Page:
(j3.2006) CO_REDUCE as a coroutine

Van Snyder Van.Snyder
Mon Oct 20 22:50:54 EDT 2014

There was discussion at 205 about the expense (both in labor and
efficiency) of allowing certain generalities in the OPERATOR argument to

When I suggested at 205 that CO_REDUCE ought to be implemented as a
coroutine, there were chuckles of derision.

Well, here's why it would be a good idea, independently of whether the
the language that implements it supports coroutines directly, or it
needs to be simulated in the old-style Fortran 77 method of "reverse

If CO_REDUCE invokes OPERATOR, the process that calls CO_REDUCE needs to
send a descriptor of all of OPERATOR's argument passing methodologies,
and then CO_REDUCE needs to reconstuct them.  This is messy and
expensive, both in labor and efficiency.

If instead CO_REDUCE suspends when it needs access to OPERATOR, then
OPERATOR is invoked from the calling process.  This means the processor
can create and optimize the appropriate argument passing methods, and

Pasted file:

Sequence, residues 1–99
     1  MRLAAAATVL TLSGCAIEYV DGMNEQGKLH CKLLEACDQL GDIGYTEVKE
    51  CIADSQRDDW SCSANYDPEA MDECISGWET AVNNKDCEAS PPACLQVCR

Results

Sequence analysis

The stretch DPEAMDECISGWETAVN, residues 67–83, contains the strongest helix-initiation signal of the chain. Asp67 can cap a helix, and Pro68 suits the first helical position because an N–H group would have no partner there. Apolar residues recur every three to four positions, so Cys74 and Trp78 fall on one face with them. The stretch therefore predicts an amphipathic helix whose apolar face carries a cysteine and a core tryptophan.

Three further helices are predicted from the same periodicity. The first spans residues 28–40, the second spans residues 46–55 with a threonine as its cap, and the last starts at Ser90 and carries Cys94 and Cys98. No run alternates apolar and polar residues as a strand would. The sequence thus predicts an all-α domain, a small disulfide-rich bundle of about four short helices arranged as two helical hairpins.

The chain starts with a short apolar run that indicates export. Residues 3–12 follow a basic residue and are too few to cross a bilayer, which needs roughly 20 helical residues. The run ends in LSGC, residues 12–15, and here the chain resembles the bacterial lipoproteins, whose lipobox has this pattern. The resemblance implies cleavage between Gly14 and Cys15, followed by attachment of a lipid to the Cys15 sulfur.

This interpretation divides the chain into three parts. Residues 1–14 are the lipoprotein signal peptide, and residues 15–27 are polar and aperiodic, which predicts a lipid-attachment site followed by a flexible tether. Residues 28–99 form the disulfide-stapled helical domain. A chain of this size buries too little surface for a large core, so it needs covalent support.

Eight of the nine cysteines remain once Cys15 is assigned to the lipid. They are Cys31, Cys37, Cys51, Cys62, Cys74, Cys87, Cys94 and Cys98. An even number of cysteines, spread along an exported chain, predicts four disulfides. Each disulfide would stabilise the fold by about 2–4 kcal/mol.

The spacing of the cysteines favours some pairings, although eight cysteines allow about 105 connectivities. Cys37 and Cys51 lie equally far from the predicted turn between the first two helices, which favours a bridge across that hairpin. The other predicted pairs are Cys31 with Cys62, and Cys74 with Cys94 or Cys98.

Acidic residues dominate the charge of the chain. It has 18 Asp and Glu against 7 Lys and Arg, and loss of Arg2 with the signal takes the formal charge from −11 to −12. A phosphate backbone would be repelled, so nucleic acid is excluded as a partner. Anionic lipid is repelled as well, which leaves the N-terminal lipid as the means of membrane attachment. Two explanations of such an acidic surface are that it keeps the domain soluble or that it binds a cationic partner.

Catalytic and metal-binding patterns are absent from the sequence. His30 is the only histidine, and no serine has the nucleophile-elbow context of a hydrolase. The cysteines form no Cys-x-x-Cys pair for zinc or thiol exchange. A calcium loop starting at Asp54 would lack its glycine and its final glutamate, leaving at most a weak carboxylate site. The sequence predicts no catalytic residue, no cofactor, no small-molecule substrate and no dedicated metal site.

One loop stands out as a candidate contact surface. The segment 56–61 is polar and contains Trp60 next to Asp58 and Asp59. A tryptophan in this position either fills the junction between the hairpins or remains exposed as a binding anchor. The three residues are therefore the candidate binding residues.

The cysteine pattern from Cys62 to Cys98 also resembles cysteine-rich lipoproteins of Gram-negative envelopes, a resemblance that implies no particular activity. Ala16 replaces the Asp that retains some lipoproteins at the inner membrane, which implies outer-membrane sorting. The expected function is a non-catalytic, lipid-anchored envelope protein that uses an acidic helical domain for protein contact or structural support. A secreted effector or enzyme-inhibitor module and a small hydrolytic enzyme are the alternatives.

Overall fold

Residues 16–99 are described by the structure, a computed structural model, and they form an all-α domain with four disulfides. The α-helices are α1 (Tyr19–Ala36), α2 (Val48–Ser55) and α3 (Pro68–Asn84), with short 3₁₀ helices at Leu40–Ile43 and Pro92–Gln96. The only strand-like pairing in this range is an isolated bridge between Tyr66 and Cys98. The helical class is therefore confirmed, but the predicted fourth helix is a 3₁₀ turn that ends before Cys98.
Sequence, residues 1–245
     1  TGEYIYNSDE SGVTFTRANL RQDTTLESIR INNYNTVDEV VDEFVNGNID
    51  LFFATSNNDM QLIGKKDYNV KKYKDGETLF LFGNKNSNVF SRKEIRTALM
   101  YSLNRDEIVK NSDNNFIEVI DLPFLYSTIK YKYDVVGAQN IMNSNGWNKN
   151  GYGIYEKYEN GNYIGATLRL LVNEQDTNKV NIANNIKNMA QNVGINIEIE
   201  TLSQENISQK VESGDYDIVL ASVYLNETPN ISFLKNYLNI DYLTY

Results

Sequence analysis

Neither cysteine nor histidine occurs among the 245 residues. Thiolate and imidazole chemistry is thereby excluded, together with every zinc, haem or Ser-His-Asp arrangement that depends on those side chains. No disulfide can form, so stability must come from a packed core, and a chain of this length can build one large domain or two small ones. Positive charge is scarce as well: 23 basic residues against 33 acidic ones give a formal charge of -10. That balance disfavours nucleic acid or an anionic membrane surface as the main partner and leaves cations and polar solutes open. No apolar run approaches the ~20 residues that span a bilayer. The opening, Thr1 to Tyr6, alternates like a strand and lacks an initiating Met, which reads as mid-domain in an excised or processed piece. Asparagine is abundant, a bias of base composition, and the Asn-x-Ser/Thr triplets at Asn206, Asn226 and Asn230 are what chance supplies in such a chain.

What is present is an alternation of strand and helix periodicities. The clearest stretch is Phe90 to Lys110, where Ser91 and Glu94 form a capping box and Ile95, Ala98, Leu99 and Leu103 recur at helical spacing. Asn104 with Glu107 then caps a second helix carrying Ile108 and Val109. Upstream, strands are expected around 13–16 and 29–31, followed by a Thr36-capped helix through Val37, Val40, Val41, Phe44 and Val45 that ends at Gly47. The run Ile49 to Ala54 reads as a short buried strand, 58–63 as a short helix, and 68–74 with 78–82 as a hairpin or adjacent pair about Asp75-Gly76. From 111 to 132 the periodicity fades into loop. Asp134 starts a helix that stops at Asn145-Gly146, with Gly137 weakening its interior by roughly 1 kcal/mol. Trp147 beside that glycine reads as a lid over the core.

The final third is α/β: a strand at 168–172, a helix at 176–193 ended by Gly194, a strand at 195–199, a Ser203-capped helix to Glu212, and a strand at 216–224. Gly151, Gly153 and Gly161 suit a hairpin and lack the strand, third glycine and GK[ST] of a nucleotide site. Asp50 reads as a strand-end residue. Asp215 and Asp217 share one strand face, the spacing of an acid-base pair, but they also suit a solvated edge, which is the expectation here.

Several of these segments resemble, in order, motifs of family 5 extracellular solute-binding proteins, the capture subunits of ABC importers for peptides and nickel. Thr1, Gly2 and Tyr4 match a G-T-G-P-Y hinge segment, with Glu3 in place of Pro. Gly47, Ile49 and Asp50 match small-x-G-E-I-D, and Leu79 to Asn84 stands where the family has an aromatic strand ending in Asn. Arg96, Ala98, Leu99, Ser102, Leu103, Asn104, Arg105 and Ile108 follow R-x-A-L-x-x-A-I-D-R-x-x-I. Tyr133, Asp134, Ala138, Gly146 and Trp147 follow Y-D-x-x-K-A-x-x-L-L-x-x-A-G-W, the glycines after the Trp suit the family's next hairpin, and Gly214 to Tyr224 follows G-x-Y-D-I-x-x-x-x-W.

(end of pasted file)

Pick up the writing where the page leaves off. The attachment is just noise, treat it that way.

then resume CO_REDUCE.  Something like

  call actual_co_reduce ( A, B, C, D, [, result_image, stat, errmsg] )
  do while ( suspended(actual_co_reduce) )
    d = operator ( b, c )
    resume actual_co_reduce ( A, B, C, D, [, result_image, stat, errmsg] )
  end do

I wasn't thinking of CO_REDUCE as the poster child for coroutines.  It's
just one more example of the usefulness -- but the first one to appear
in the standard as an intrinsic procedure.

Sure, you can fake it by the calling process creating an activation
record, or at least the parts of it that need to be preserved between
suspension and resumption, passing it to CO_REDUCE, and then getting
back to the correct place in CO_REDUCE when its execution sequence
resumes, but it's not as clean as having a SUSPEND statement in
CO_REDUCE, and a RESUME statement in the calling process.

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